76 research outputs found

    Missing energy and the measurement of the CP-violating phase in neutrino oscillations

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    In the next generation of long-baseline neutrino oscillation experiments, aiming to determine the charge-parity violating phase δCP\delta_{CP} in the appearance channel, fine-grained time-projection chambers are expected to play an important role. In this Letter, we analyze an influence of realistic detector capabilities on the δCP\delta_{CP} sensitivity for a setup similar to that of the Deep Underground Neutrino Experiment. We find that the effect of the missing energy, carried out by undetected particles, is sizable. Although the reconstructed neutrino energy can be corrected for the missing energy, the accuracy of such procedure has to exceed 20\%, to avoid a sizable bias in the extracted δCP\delta_{CP} value.Comment: 6 pages, 2 figures. v2 matches the version published in PR

    Esperimenti di Neutrini negli USA

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    Gains from Variety: Refugee-Host Interactions in Uganda

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    Refugees are mainly hosted in low-income countries, where they often remain for a long time. Therefore, it is important to assess how they integrate with the local economy and to what extent their presence can contribute to the transition to a more dynamic economic environment. Proximity between refugees and hosts might improve the welfare of both groups by increasing opportunities for mutually beneficial economic exchanges. In particular, welfare gains might be generated through the availability of a greater variety of commodities. In this paper we propose a theoretical model that uses the love for variety to frame the possible benefits arising from the interaction between hosts and refugees facilitated by geographical proximity. We complement the conceptual framework with an empirical analysis that makes use of a unique dataset covering around 80% of the refugee population living in Ugandan settlements and the adjoining host households. The empirical results show that proximity between groups increases the food expenditure and the variety of food consumption of both groups. We also found that exposition to inter-group interactions rises the non-food expenditure, and the probability to run a farm and a non-farm enterprise by refugee households, while hosts are not crowding out from production

    Comparison of the calorimetric and kinematic methods of neutrino energy reconstruction in disappearance experiments

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    To be able to achieve their physics goals, future neutrino-oscillation experiments will need to reconstruct the neutrino energy with very high accuracy. In this work, we analyze how the energy reconstruction may be affected by realistic detection capabilities, such as energy resolutions, efficiencies, and thresholds. This allows us to estimate how well the detector performance needs to be determined a priori in order to avoid a sizable bias in the measurement of the relevant oscillation parameters. We compare the kinematic and calorimetric methods of energy reconstruction in the context of two muon-neutrino disappearance experiments operating in different energy regimes. For the calorimetric reconstruction method, we find that the detector performance has to be estimated with a ~10% accuracy to avoid a significant bias in the extracted oscillation parameters. On the other hand, in the case of kinematic energy reconstruction, we observe that the results exhibit less sensitivity to an overestimation of the detector capabilities.Comment: 16 pages, 14 figures, matches the version published in Phys. Rev.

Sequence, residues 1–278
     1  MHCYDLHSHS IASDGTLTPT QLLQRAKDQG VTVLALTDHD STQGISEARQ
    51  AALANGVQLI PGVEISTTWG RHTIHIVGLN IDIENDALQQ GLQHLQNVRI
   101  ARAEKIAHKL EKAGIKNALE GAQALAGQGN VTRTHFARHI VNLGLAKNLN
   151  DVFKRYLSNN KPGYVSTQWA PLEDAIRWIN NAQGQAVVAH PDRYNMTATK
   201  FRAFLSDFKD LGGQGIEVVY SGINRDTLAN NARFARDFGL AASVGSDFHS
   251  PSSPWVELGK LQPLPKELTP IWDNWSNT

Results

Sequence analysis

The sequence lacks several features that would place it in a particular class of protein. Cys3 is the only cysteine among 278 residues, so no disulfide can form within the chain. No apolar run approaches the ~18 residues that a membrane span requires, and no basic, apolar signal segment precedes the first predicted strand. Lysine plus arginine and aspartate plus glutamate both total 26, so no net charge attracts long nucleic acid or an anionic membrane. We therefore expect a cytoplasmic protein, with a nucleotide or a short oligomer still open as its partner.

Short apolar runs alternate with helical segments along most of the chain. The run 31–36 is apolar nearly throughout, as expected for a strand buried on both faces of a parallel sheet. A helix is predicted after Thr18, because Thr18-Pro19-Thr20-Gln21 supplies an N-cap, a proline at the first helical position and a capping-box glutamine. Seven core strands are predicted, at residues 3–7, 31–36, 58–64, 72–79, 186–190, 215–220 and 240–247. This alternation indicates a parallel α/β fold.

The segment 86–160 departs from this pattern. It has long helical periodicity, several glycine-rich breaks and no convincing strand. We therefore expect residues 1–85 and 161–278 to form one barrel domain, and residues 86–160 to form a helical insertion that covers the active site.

Polysaccharides on gelatin-based hydrogels differently affect chondrogenic differentiation of human mesenchymal stromal cells

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    Selection of feasible hybrid-hydrogels for best chondrogenic differentiation of human mesenchymal stromal cells (hMSCs) represents an important challenge in cartilage regeneration. In this study, three-dimensional hybrid hydrogels obtained by chemical crosslinking of poly (ethylene glycol) diglycidyl ether (PEGDGE), gelatin (G) without or with chitosan (Ch) or dextran (Dx) polysaccharides were developed. The hydrogels, namely G-PEG, G-PEG-Ch and G-PEG-Dx, were prepared with an innovative, versatile and cell-friendly technique that involves two preparation steps specifically chosen to increase the degree of crosslinking and the physical-mechanical stability of the product: a first homogeneous phase reaction followed by directional freezing, freeze-drying and post-curing. Chondrogenic differentiation of human bone marrow mesenchymal stromal cells (hBM-MSC) was tested on these hydrogels to ascertain whether the presence of different polysaccharides could favor the formation of the native cartilage structure. We demonstrated that the hydrogels exhibited an open pore porous morphology with high interconnectivity and the incorporation of Ch and Dx into the G-PEG common backbone determined a slightly reduced stiffness compared to that of G-PEG hydrogels. We demonstrated that G-PEG-Dx showed a significant increase of its anisotropic characteristic and G-PEG-Ch exhibited higher and faster stress relaxation behavior than the other hydrogels. These characteristics were associated to absence of chondrogenic differentiation on G-PEG-Dx scaffold and good chondrogenic differentiation on G-PEG and G-PEG-Ch. Furthermore, G-PEG-Ch induced the minor collagen proteins and the formation of collagen fibrils with a diameter like native cartilage. This study demonstrated that both anisotropic and stress relaxation characteristics of the hybrid hydrogels were important features directly influencing the chondrogenic differentiation potentiality of hBM-MSC
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